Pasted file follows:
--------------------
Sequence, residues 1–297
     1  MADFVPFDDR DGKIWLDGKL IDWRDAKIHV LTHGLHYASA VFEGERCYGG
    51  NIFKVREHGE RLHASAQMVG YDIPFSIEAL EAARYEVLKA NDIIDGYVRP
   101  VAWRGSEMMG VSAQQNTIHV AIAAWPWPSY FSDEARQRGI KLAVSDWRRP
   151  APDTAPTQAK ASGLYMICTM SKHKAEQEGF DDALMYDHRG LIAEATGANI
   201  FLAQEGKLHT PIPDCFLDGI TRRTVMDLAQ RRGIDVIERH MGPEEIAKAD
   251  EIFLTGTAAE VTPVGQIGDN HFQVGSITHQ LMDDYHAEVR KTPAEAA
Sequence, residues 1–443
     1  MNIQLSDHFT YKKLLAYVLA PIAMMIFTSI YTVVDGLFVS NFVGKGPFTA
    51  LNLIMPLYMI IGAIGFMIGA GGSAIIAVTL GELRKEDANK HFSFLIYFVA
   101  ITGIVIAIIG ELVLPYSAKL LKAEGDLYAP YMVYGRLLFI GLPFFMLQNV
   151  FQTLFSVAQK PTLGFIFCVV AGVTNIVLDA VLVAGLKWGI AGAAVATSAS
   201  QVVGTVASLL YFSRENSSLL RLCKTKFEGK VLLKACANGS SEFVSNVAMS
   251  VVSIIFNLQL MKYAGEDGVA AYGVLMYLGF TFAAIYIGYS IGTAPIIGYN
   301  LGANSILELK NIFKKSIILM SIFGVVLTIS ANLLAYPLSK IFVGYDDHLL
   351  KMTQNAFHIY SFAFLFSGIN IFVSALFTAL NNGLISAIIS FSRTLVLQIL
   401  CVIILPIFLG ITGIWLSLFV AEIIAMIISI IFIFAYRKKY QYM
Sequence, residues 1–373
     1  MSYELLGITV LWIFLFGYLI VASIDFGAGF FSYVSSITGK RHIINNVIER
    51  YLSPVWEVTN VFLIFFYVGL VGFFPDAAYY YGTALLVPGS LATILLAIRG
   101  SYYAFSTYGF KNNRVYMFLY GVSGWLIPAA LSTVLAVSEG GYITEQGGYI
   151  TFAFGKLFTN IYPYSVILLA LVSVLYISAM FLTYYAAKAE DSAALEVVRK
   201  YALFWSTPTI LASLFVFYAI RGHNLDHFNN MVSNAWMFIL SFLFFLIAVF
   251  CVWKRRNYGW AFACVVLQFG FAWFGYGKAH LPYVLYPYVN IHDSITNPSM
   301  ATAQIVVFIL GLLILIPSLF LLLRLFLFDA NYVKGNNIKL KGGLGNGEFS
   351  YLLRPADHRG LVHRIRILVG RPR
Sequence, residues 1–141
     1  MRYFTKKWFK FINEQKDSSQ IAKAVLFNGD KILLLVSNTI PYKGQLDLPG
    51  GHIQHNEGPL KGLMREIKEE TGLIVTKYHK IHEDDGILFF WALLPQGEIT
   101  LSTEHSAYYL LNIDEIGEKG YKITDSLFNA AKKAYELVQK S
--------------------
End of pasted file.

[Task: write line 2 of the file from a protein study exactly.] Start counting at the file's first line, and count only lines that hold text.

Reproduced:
     1  MADFVPFDDR DGKIWLDGKL IDWRDAKIHV LTHGLHYASA VFEGERCYGG